In contrast, the Taiwanese were the exploited class; they enjoyed no privilege and were even discriminated against by mainland Chinese. Only those Taiwanese who joined the clientelist system of Kuomintang could enjoy limited political and economic privileges. This situation caused the social conflict between Taiwanese and mainland Chinese. Chiang and his Kuomintang regime did nothing to resolve the social conflict; instead, they used it to their political benefit. 

The third impact is on national identity. Although martial law ended in 1987, and the people of Taiwan were allowed freedom of speech, there is still conflict between the two views of national identity in Taiwan. One is that Taiwanese are not Chinese and that Taiwan should be a democratic, independent country; the other is that Taiwan is a part of China, that Taiwanese are Chinese, and that Taiwan should reunify with China in the future. These two views of national identity originated in the 228 Incident.

The 228 Incident is a pivotal point that gave rise to the opposing views.  As we know, Taiwan was a colony in the first half of the 20th century. Most other colonized areas were asking for independence during World War II. However, partly because Japan modernized Taiwan, the Taiwanese did not think of themselves as an independent country and could not catch the chance to self-determination after the surrender of Japan.  Therefore, they accepted the decision of takeover by China made by the Allies during the war.

Before the 228 Incident, the Taiwanese hoped for greater local autonomy under the Chinese government. However, the Chiang regime saw “autonomy” as a betrayal of China and eventually sent the military to massacre Taiwanese people and used the “White Terror” measures to rule Taiwan. These results awakened the Taiwanese to the idea that Taiwanese are not Chinese. They became passionate about pursuing nationhood for Taiwan. That is the Taiwan independence movement.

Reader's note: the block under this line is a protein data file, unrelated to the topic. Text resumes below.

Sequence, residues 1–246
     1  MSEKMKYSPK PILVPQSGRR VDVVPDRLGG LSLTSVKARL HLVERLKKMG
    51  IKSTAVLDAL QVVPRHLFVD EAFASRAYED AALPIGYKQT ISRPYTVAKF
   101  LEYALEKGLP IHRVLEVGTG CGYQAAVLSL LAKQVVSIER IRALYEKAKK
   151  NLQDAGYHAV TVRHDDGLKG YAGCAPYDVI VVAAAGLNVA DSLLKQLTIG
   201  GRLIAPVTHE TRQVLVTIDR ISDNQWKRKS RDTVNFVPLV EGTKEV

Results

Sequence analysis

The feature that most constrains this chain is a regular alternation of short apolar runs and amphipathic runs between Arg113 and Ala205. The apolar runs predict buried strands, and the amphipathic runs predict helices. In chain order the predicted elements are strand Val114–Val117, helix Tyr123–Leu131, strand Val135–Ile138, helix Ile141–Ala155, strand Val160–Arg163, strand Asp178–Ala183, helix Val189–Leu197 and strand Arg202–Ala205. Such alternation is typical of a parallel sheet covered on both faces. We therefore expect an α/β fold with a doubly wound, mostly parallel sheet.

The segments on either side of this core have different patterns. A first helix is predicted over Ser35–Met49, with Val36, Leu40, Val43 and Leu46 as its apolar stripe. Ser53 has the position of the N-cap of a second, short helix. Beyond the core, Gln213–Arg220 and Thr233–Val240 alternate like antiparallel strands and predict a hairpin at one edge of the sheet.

In contrast, the members of the Kuomintang and most of the mainlanders who lost their privileges after democratization still identified themselves with China even though China is a communist and totalitarian country. They use their influence on their controlled media or even on the education system to advocate that China has a prosperous economy and an enlightened government and that “one country, two systems” is fit for Taiwan. It is an extreme irony and a crisis for Taiwan, considering that Taiwan is an economically developed country and has a democracy.      

The responsibility of the United States for the 228 Incident 

The most important political development of the world in the 20th century is the self-determination of colonized people and the value of human rights. President Wilson had advocated self-determination for all colonized people, and the Atlantic Charter declared “the right of all peoples to choose the form of government under which they will live.” However, when the United States made the decision to return Taiwan to China, they did not respect the right of Taiwanese to choose their government. 

Under international law, Taiwan was still not yet China’s territory, and Taiwanese still belonged to Japanese nationality, not Chinese nationality, at that time. When the corruption and incompetence occurred in Taiwan after the Chinese took over, and even when the 228 Massacre happened in Taiwan and the Kuomintang government purged Taiwanese elites, which violated international law,  the US government generally kept silent. If the United States had said “No” or “That is against international law” to the Chiang regime affirmatively, it definitely could have saved more Taiwanese lives. 

The introduction to the 228 Incident resources

The most famous book about the 228 Incident is Formosa Betrayed, published in 1965. It is a book that looks at the 228 Incident from the perspective of an American eyewitness. The author, George H. Kerr, was one of very few Americans who had been in Taiwan before the war and then served in the Military Intelligence Service (MIS) during the war. He was a vice-consul in Taipei after the war when he witnessed the 228 Incident. His views in this book include the importance of Taiwan to the US national interest, which can be interpreted today as the issue of national security. In addition, he also looked at the meaning of Taiwan and Okinawa from the geopolitical viewpoint.  Finally, his book examines the abuse on human rights to the Taiwanese people and even to the Chinese people by the KMT government.

Formosa Betrayed is the first book about the 228 Incident in English, and also a very detailed book of the 228 Incident compared to the very few books in Chinese at that time. Its impact on the Taiwanese is not only in its record of the 228 Incident but also in how it served to inspire the Taiwanese for the independence movement even today. If the reader has not enough time to read through the whole book, you can read at least from chapter 1 to chapter 10, and you will find how inspiring it is.